The US Federal Trade Commission (FTC) has yet again warned businesses not to make false claims about their participation in and compliance with the EU-US Safe Harbor Agreement.

The FTC settled with 13 US businesses that had made false claims about being certified members of the Safe Harbor scheme. The FTC’s announcement comes on the heels of two previous settlements reached in late May 2015 with companies that had lapsed certifications despite representations to the contrary made to online consumers.

The Safe Harbor scheme is currently being discussed at EU level following Edward Snowden's revelations about mass surveillance of EU citizens' personal data held by US cloud computing providers (PRISM case). The European Commission is currently in the process of reviewing the functioning of the safe harbor scheme based on the implementation of these 13 recommendations. This action by the FTC is a further example of the FTC seeking to restore some faith in the scheme.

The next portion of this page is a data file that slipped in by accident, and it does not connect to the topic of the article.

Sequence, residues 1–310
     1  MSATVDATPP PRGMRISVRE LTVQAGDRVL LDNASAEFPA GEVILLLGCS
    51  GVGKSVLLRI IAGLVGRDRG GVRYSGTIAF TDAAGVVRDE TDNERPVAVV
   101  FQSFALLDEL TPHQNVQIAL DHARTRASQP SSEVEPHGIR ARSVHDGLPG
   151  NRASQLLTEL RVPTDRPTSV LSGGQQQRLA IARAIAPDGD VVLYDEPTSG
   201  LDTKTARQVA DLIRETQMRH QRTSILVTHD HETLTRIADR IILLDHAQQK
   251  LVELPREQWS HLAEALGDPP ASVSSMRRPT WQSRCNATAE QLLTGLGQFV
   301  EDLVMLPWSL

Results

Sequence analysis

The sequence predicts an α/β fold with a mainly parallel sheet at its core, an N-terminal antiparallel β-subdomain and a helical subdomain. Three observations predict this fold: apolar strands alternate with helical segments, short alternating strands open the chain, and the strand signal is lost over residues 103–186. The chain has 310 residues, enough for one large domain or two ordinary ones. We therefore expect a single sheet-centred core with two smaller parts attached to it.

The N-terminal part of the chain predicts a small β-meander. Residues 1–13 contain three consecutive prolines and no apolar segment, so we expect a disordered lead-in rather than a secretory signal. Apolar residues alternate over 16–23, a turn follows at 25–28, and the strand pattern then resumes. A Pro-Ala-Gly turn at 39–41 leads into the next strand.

The FTC announcement can be viewed here.

What action could be taken to manage risks that may arise from this development?

Companies should ensure that they review the Safe Harbor certification of any US service provider wishing to use the framework.